FSUCML in the News

Sawfish Tagged in Cedar Key for the First Time in Decades

In 2003, smalltooth sawfish (Pristis pectinata) had the unenviable distinction of being the first native marine fish listed under the Endangered Species Act. The classification followed decades of declining populations due to habitat loss, overharvesting and mortality as fisheries bycatch. Now, 20 years later, a 13-foot adult female captured off the coast of Cedar Key, FL suggests the species may be making a slow but spirited comeback.

Researchers outline best practices for understanding life on the ocean’s vast seafloor

Resource managers and policymakers need robust data about marine ecosystems for decision-making and setting sound policies. However, data about marine life can be challenging to collect, integrate, and analyze. Invertebrate animals are a key component of life on the seafloor, but their wide range of body sizes and diversity make it especially difficult to understand their abundance and distribution.

Officials charged with protecting Florida's wildlife and ecosystems don't seem to understand science - or care about it

In an article published in The Invading Sea, Dr. Chris Koenig and Dr. Felicia Coleman take the Florida Fish and Wildlife agency commissioners to task for ignoring the best available science when making decisions about wildlife.

From ship to science: R/V Apalachee provides platform for Gulf of Mexico research

When Florida State University researcher Dean Grubbs wants to gather data, he heads to sea. It’s there, in the Gulf of Mexico, and sometimes at depths of more than a mile underwater, where he’s able to find the information he needs for his research into sharks, rays and other marine wildlife. The work wouldn’t be possible without the R/V Apalachee, a 63-foot research vessel docked at the FSU Coastal and Marine Laboratory in St. Teresa, Florida, and the largest ship in the lab’s fleet. The ship is the largest research vessel between the Tampa Bay area and Mobile, Alabama, making it an important tool for anyone who wants to do research on the northern Gulf.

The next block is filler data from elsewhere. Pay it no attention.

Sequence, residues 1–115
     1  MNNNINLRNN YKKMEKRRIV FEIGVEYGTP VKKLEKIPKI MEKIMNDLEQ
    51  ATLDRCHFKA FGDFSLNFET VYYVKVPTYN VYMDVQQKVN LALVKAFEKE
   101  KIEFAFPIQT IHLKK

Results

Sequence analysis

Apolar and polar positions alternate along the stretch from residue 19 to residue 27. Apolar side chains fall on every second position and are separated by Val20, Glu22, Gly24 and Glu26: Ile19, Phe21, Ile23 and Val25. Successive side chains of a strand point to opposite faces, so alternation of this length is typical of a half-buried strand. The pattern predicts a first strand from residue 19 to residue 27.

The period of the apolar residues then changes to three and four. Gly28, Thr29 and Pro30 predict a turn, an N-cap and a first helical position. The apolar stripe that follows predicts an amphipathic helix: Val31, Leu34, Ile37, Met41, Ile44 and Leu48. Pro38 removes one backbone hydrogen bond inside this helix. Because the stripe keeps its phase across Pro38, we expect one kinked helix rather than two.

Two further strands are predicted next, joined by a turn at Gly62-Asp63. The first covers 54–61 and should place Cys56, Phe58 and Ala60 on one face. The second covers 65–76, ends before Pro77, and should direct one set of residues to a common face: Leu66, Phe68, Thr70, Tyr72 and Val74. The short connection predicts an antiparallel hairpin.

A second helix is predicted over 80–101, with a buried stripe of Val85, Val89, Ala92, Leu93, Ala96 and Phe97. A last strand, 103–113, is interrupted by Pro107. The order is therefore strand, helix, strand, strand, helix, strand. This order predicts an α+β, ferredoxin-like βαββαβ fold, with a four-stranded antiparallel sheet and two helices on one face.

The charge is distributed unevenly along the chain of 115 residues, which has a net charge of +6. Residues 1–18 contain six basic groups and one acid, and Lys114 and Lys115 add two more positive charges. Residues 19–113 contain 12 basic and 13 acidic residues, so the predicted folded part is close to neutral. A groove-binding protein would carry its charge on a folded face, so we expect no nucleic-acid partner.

FSU Alumna, Jasmin Graham, named WWF’s 2021 Conservation Leadership Award winner

WWF is elated to announce Jasmin Graham, MSc., as winner of the third-annual Conservation Leadership Award. This award aims to give the next generation of conservation leaders access to a global platform and experts, and provides a financial prize that recipients can use to further their professional or educational goals related to their conservation work. Graham is a marine biologist, environmental educator, and social justice activist. She is the CEO and president of the organization Minorities in Shark Sciences.

Goliath grouper fishing may be allowed in Florida again after 30-year ban

The largest grouper in the Atlantic Ocean is so big that it can eat a four-foot-long shark in one gulp and makes noises so loud that nearby scuba divers feel an effect much like a sonic boom. These fish, named goliath groupers after the giant of Biblical legend, can reach more than eight feet long and weigh over 800 pounds. But their gargantuan size offers little protection against the proposed lifting of Florida’s fishing ban for this threatened species.